Monday, July 16, 2012

Notre Doom


The curtain opens to reveal the "Wastelands of Purgatory" - a vast desert featuring bleak vistas of dull rocks where all of college football goes between seasons.

Enter stage left - an elderly man wearing a black, ten gallon hat. He is DeLOSS DODDS the athletic director of the University of Texas.


I have a confession. A confession, that in the telling, will  prove me an unlikable sort - petty, egotistical and vain.Yet, (PAUSE) I beg you to listen just the same as my words may strike home in the ears of like-minded souls who happen upon this telling and judge me less harshly than the multitudes who trudge upon the earth without ever tasting the sweet wine of power and glory. (DODDS removes his hat and continues to address the audience.)

A man, like myself, late in his years and fearful in the knowing that his end is much closer than his beginning, has the right to turn his thoughts to his legacy. He has the right, nay, nay, nay - the duty, to mint the terms applied to his name after his departure. And in this thinking - amidst the knowing - the man has the god-given right to plot and scheme his way to glory.

(DODDS replaces his hat upon his head and walks about the stage. He kneels and takes a handful of sand in his hand and lets it slip through his fingers.)

But what glory? To set astride the bovine juggernaut and navigate the chaotic waters to obtain the greatest riches ever known - is that not glory enough? To set the bovine upon the march of champions and see the quest delivered - is that not glory enough. I think not. I am only well thought-of -- not deified. The public, those admiring masses who think of the bovine as they would a god upon Mount Olympus and never question the direction of our thoughts or actions think well enough of me. Ay, they think well of me. As if I were some favorite uncle who happened upon their Christmas party with a small gift and fanciful tale to amuse them -- that will never do.

(DODDS stands and rubs his hands together in a worried gesture.)

They do not love me or think me grand and for that I must embark upon a quest to reveal their error and bestow upon my head a crown of glory.

(DODDS paces back and forth quickly franticly.)

But what device? What road must I travel to obtain this crown? What dragon must I slay?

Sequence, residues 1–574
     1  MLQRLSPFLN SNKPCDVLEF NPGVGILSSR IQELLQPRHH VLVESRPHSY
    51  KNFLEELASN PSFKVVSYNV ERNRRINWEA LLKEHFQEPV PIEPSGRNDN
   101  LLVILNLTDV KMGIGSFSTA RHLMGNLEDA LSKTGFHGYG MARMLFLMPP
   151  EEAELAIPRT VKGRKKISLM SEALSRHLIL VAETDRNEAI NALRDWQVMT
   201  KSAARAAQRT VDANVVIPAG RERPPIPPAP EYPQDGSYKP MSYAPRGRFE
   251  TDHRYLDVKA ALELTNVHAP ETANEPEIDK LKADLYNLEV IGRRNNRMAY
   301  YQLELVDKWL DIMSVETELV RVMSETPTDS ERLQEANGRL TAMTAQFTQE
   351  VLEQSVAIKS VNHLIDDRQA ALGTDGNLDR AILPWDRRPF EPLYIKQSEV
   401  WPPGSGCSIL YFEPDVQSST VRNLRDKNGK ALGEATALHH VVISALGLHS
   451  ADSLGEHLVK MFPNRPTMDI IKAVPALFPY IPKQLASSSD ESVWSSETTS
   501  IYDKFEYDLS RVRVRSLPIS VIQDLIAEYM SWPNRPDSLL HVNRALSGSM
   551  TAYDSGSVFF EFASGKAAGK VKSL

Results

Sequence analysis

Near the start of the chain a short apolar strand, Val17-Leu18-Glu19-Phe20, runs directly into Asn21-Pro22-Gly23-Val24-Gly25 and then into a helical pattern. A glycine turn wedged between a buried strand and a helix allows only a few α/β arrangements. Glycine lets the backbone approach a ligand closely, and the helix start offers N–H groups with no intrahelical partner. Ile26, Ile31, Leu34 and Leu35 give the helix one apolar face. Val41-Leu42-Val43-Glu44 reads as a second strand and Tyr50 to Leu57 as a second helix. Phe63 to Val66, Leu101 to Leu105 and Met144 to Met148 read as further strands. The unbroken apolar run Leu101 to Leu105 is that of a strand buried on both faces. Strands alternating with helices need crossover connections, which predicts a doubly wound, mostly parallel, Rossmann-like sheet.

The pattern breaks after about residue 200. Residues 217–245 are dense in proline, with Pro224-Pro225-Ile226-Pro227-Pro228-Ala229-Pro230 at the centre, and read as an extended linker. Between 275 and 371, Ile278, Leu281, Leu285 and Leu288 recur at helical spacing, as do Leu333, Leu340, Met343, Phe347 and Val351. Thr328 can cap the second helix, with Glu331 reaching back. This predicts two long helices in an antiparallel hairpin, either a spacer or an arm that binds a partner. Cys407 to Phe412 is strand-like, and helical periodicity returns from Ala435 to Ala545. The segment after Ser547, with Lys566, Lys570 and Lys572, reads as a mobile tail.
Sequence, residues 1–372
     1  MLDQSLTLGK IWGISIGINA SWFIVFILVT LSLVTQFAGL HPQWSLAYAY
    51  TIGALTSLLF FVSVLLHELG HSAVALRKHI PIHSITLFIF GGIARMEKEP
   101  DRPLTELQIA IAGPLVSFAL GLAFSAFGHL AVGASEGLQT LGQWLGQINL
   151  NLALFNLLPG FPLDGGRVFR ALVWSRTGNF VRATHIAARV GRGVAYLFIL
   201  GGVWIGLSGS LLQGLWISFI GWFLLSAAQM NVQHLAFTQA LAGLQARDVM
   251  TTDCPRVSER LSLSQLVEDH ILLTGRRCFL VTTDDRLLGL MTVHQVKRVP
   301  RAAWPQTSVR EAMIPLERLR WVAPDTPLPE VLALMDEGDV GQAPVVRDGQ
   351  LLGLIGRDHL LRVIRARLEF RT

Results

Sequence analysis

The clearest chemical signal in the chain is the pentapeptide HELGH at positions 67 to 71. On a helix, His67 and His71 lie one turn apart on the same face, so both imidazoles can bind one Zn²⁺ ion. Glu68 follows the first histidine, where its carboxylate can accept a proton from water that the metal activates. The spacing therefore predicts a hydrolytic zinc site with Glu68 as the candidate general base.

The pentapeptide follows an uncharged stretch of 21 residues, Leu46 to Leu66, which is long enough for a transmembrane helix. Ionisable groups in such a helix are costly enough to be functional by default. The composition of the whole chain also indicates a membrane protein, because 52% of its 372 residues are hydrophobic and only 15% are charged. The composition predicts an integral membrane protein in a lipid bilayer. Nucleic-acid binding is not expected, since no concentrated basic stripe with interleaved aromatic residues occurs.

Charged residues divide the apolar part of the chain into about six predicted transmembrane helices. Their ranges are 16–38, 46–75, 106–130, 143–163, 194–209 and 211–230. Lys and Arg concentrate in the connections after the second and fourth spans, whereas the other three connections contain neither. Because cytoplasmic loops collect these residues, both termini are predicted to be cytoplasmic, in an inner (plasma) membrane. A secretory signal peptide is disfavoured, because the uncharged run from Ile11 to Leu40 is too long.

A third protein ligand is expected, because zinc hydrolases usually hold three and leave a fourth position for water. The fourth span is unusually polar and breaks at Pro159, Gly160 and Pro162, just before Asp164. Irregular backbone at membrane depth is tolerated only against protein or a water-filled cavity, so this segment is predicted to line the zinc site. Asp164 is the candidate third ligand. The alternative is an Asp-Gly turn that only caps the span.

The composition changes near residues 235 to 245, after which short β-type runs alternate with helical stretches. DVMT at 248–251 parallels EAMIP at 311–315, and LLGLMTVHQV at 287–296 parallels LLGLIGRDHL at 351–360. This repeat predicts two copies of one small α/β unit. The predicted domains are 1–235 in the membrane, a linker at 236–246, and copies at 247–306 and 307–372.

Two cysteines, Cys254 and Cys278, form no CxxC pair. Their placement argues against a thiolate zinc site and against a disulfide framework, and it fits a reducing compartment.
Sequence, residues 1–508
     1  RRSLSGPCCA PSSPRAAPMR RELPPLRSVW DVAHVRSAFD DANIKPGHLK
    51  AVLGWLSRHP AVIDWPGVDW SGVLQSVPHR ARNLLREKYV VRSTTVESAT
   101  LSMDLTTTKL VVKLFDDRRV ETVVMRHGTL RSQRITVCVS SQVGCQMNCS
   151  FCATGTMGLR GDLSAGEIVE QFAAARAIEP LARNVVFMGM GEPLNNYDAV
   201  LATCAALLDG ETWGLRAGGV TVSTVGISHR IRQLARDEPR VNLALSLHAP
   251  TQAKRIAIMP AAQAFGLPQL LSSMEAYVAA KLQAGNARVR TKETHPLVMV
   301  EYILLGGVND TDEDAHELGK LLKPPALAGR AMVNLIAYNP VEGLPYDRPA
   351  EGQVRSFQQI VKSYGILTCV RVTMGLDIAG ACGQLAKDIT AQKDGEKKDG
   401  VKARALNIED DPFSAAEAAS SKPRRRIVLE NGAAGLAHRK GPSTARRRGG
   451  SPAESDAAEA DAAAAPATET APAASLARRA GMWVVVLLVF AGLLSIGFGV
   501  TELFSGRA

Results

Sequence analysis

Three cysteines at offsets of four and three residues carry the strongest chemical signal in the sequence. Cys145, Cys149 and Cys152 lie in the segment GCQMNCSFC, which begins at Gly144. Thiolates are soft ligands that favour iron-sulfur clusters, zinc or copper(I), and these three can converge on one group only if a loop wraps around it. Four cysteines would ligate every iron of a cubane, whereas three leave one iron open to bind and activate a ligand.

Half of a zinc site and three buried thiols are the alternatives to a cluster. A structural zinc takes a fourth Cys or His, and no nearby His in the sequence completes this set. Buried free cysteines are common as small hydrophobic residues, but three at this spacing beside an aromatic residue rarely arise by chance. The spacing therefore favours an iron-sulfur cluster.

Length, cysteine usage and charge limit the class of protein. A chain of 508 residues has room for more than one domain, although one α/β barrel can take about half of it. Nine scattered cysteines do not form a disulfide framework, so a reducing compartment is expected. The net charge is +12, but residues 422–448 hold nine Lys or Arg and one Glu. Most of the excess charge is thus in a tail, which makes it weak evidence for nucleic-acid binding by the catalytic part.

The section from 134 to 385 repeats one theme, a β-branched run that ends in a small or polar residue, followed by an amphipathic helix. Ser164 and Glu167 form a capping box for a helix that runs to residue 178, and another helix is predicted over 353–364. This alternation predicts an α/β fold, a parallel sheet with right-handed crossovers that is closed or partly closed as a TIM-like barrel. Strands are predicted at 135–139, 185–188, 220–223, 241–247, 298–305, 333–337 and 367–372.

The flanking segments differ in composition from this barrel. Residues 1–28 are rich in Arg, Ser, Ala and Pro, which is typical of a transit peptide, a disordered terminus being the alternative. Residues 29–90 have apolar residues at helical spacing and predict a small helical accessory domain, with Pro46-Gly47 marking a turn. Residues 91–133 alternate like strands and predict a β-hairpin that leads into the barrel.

(DODDS stops pacing and grows quiet.)

DELOSS DODDS I have an idea! Last year, at this time, our fellowship was broken. Our future was as bleak as Rich Rodriquez's heart, our doom was at hand... and it was at the feet of our great bovine empire that blame was laid. No thought to the jealousy of our brethren, no thought to greed that made them flee, and certainly no thought to the bovine sacrifice that kept the fellowship whole.  And now, one full year later, our fellowship is strong and profitable. What was weakness is now strength. (Pause.. Slower) But could be stronger. Our vast riches could be more bountiful, our fame could even eclipse the gods in Birmingham. If only I could catch the leprechaun and add his gold to our horde.

(DODDS looks left and sees someone in the distance. He takes one hand and uses it to shield his eyes from the sun.)

DELOSS DODDS Look! (Points to the left) Yonder is one Swofford. A man of considerable means and ruthless in his actions. In his pocket he has a talisman of great power. A symbol of the Seminole nation that imbues him with riches and tradition.  The leprechaun holds Swofford in high esteem and often has long talks with Swofford as they share rich wine and aged cheese. By separating Swofford from his Seminole sigil and placing the same within my own pocket I too could enthrall the leprechaun and together, with my own bovine appeal, make the leprechaun a member of our fellowship.

(Places his hands upon his hips and looks smug.)

But Swofford is as intelligent as he is ruthless. To ruse the man I must contrive a distraction and drive him to it and beyond.

(Again DODDS begins to pace.)